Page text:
Columbia Records recording artist Johnny Cash walked through the gates of a California prison on Jan. 13, 1968, with his wife, band members and a small entourage.

He recorded two shows, and the resulting album, “Johnny Cash at Folsom Prison,” made American music history.

In a similar vein, Scott Plante, who lives in the Manchester suburb of Raymond, entered the state prison in Berlin on Sept. 29 and performed for about 75 inmates housed in the prison’s Focus drug recovery unit.

There are some similarities. Both Cash and Plante struggled with addictions. And both use music to connect with and inspire others.

But there are differences, too.

Cash was already a well-known performer with more than a dozen albums to his credit at the time. Plante — a singer-songwriter whose guitar playing is now sidelined by a fractured arm — is only starting to get noticed. Nowadays, popularity isn’t measured by record albums or radio airplay, but digital hits; his most popular music video exceeds a respectable 200,000 views on Facebook.

Another difference is prison cred. Cash fancied himself as advocate for the downtrodden and was embraced by inmates, but he never did time in prison. Plante spent 3½ years at the Berlin prison, and his homecoming message was as much about success on the outside as songs on the inside.

Plante was the first Focus inmate to return since the program’s inception in 2014.

“We hear from people when they come back (for parole violations). We don’t hear from those who don’t come back,” said Diane York, who runs the Focus program, a separate unit where inmates focus on abstinence and recovery.

“These guys need to hear about hope.”

Plante entered Focus five years ago when his final glide path to freedom — a halfway house stint — crashed. He regularly used drugs while in prison. He overdosed in a Manchester halfway house bathroom and returned to Berlin.

He’s been sober for almost five years, and many of his songs deal with addiction, recovery and mental illness.

Still, it was nerve-wracking to enter a one-time home he had never wanted to return to, he said.

Corrections officers rifled through his gear. And authorities gave Plante and his fiance emergency buttons to push in case they were attacked.

“You never know how these men are going to respond to something motivational,” Plante said, “but I had to go in and do what I do.”

Plante said he has suffered from depression, psychiatric illnesses and suicidal thoughts. He fell into drugs and turned to burglary to get money to feed his addiction, which landed him in prison for three years.

He is a compact man. His face of 36 years shows some wear, but his nose and chin are chiseled with sharp angles. He wears his hair short, the top impeccably combed, furthering a 1950s clean-cut image that contrasts with a prison background.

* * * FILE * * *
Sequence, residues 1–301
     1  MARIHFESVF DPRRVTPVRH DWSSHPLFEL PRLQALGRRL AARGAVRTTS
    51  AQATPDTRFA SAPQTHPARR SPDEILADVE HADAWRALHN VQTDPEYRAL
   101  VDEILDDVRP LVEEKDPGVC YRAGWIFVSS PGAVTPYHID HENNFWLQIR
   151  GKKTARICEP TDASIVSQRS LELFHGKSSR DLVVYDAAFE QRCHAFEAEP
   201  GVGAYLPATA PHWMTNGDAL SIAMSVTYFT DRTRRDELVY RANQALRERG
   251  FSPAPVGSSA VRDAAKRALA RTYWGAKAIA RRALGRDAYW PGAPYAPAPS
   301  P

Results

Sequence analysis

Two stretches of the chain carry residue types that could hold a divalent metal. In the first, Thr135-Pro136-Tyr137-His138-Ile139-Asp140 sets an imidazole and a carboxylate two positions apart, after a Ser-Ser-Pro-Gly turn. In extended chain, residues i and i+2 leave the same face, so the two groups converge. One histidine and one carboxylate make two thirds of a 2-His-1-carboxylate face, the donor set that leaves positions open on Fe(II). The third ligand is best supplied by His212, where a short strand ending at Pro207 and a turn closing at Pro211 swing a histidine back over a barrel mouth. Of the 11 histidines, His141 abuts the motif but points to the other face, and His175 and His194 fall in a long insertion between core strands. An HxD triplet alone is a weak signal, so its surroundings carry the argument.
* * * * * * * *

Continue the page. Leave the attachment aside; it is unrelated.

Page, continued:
Many of his songs lean toward pop, with driving beats, orchestrations and backup vocal. In the “Destiny” video, he moves and sings through a church graveyard, at times a healthy person with a future, at others a zombie of self-destruction and drug abuse.

“I know I’ll be there. I got a fire inside that is bellowing high, and I can’t fail. This is my destiny,” he sings.

In “The Light,” a girlfriend picks him off the floor and drives him to an emergency room as he gazes from a mountaintop. “I can’t bear the scene of you watching over me in a casket as the tears roll down your face.”

Recently, Plante signed with an artistic manager, the Los Angeles-based Jennifer Devoe Muse, who hosts an internet radio show with 400,000 listeners. She hopes to book Plante at concerts and festivals, raise his profile and eventually win a distribution contract.

“His music comes from experiences he’s had. It’s genuine. It’s not someone writing about stupid things like girls, girls, girls,” Muse said.

Plante’s music and its recovery themes are right for the times, she said.

“It speaks to a real place in all of us who have experienced these demons,” Muse said.

Of course, Plante is not the first singer to battle or sing about addiction, said Brett Hestla, a Tennessee-based musician and music producer who has worked with Plante on his productions. But few former prisoners chase the risky, elusive dream of music stardom.

“We need people like that to be successful and to be heard,” said Hestla, who used to tour with the alt-metal band Creed. “It shows courage to come into an industry where temptation is still rampant.”

At this point, it’s all about fan base. Plante’s Facebook channel has 4,300 members; Instagram counts 4,100 followers. “Destiny” has been seen 204,000 times on Facebook; his most popular YouTube production, “New Beginnings,” has 85,000 views.

While respectable, he can’t make a living off those numbers. Plante said he could make more money and get more gigs singing covers, but he won’t. He’s performed at recovery events and Seacoast venues. Earlier this month he performed after races at Londonderry Speedway.

He said he likes the idea of following Cash’s example, but said he can’t be compared to one of America’s most well-known, beloved performers. Except maybe in one way.

“I’m the guy,” he said, “who won’t quit.”

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